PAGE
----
Lympstone

Lympstone

Mention Lympstone to anyone, and they automatically think of the Commando Training Centre for the Royal Marines – but this small, attractive village on the River Exe is worth a butchers if you fancy a change of scenery on the journey between Exeter and Exmouth.

If you’re travelling by car it’s just a short detour off of the A376, but you can also travel by train using the single-track Avocet Line, which will give you the option of stopping in The Swan or The Globe for a drink and a bite to eat without worrying about the breathalyser.

Lympstone Village Railway Station

The village is only small, and to be fair there isn’t an awful lot to do except wander around the back streets and along the foreshore, but that’s what some people like about it.

You probably won’t see any other tourists around, just a few locals going about their business, and you may be surprised to see washing lines on the foreshore where villagers hang their washing out to dry – all very different to Exmouth.

The Village Centre
The Village Centre
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Washing Lines on the Foreshore
Washing Lines on the Foreshore

The only thing that really stands out is the red brick Peter’s Tower. This listed building, situated on The Strand, was built in 1885 by W.H. Peters, a wealthy Liverpool merchant, as a memorial to his wife’s “Kindness and sympathy for the poor of Lympstone”

It was built as a clock tower and as a refuge for fishermen. There are two clocks – one on the eastern side of the tower and one on the west to help the fishermen know the state of the tide.

If you really want to know what it’s like inside you can rent it out for a holiday let from the Landmark Trust. I should imagine that it’s a bit cramped inside, but the views must be worth having a cricked-neck for.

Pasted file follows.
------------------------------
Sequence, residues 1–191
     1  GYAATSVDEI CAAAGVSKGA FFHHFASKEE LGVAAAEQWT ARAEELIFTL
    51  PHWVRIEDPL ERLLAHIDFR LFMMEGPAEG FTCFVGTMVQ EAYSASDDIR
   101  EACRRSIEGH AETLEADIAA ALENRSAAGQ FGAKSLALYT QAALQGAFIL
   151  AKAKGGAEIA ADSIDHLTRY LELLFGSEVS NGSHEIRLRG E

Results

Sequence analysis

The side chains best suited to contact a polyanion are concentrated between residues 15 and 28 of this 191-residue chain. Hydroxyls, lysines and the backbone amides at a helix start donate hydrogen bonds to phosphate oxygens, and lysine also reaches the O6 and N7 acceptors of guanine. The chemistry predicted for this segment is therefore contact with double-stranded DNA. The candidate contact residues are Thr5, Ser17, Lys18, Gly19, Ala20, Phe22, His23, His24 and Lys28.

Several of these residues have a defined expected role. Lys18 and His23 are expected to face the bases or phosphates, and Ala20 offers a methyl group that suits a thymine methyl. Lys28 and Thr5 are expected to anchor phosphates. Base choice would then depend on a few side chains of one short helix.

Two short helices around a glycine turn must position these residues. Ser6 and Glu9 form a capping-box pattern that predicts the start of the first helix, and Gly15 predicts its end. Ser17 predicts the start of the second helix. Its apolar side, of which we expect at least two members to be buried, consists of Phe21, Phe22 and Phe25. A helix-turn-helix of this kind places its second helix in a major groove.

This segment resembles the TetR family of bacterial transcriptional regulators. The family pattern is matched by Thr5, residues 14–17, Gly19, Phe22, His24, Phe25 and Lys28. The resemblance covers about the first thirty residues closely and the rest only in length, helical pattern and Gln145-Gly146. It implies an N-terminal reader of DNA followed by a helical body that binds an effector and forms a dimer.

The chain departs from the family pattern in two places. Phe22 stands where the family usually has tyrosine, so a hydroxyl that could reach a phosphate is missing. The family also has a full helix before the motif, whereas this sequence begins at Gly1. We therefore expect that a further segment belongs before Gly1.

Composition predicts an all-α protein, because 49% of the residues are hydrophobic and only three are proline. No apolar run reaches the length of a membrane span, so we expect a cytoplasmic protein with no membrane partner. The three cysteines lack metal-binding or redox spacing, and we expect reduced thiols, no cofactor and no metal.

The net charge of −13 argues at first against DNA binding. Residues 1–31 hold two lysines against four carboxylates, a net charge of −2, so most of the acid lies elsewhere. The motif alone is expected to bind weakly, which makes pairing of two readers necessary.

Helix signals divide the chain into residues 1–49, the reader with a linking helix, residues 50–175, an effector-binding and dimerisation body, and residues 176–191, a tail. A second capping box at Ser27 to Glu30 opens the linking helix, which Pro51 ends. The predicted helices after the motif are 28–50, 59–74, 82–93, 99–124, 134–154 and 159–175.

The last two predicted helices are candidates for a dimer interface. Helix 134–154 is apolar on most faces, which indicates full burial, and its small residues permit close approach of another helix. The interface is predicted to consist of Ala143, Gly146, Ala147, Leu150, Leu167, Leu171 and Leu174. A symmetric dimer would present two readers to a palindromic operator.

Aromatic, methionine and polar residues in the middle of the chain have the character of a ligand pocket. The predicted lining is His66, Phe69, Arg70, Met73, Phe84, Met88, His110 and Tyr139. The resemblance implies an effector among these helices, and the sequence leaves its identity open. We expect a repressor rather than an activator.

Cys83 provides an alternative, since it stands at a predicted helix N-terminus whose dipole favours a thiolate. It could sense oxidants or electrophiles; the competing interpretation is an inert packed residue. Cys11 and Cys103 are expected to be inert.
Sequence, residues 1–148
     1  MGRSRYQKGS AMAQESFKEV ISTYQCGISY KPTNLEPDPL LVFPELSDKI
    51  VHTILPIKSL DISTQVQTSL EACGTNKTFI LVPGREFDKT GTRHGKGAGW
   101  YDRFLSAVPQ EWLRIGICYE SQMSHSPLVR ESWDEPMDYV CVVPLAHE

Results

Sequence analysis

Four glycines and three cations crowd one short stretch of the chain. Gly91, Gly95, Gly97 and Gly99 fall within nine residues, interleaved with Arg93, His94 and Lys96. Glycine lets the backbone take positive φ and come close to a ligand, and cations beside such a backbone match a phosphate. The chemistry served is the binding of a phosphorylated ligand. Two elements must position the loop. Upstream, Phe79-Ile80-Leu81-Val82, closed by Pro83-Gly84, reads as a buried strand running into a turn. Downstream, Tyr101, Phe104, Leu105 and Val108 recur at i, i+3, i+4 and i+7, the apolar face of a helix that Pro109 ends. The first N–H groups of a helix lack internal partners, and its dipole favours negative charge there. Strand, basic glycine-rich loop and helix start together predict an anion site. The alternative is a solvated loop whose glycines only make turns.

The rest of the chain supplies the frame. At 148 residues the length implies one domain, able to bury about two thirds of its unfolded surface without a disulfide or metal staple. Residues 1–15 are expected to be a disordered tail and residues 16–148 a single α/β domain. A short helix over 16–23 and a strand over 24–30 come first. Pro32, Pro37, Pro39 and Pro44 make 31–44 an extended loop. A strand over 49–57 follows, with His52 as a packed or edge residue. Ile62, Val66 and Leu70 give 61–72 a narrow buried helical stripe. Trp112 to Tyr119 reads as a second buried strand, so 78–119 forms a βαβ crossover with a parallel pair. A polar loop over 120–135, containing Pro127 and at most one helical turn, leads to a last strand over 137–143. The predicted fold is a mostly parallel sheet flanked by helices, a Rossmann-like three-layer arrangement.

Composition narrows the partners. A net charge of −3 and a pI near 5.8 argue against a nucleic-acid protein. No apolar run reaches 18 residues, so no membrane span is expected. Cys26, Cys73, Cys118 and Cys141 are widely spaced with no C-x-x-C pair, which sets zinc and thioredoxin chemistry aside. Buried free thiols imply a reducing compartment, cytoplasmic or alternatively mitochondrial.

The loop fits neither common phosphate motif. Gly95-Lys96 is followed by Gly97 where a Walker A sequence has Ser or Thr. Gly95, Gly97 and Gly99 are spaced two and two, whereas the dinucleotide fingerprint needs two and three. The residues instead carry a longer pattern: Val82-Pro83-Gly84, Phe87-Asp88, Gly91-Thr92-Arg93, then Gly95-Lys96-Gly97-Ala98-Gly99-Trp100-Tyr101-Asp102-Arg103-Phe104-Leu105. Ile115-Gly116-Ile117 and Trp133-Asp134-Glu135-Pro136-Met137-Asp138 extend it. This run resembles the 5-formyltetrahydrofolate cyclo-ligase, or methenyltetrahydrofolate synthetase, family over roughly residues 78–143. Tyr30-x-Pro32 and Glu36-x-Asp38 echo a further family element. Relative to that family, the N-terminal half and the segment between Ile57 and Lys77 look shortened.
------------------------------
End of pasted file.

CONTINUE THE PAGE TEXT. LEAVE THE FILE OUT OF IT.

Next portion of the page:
Peter's Tower
Peter's Tower

After you’ve ‘clocked’ Peter’s Tower and the washing lines, your eyes will probably be drawn to the red sandstone ‘Darling’s Rock’, and then as your eyes start to scan the river, you’ll start to realise how much birdlife there is here. The Exe is well known for its birdlife and I never tire of watching the avocets and other birds looking to see what tasty morsels the tide has brought in or left behind.

Darling's Rock
Darling's Rock

Just along the river is the Royal Marines Commando Training Centre where young men and women are trained as an elite fighting force to protect our way of life.

They’re trained to fight in hostile environments far removed from the peace and tranquility of Lympstone and the River Exe.

Lympstone Barracks
Lympstone Barracks
Lympstone Commando with the Assault Course behind the Fence
Lympstone Commando with the Assault Course behind the Fence

Late afternoon one cold winter’s day, I stood on the foreshore watching the sun go down over the estuary, and thinking that some of the best things in life are simple and free – but then I looked upriver towards the commando training centre and realised that nothing comes for free at all. It was time for the pub.

Looking Downriver
Looking Downriver
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7 thoughts on “Lympstone

  1. Barbara

    Beginning now to look around the Lympstone/Topsham area for a holiday cottage ! You could go into business – -where else could such useful information about these small English destinations be found

    Reply
  2. Malcolm Post author

    Thanks Sarah. I believe you’re off to Oman shortly which might be a bit different to Lympstone

    Reply
    1. Malcolm Post author

      There are two pubs near the centre of the village – The Swan which probably most visitors use, and the Globe. I thought I’d used enough pictures already so I left a picture of The Swan out.

      Reply

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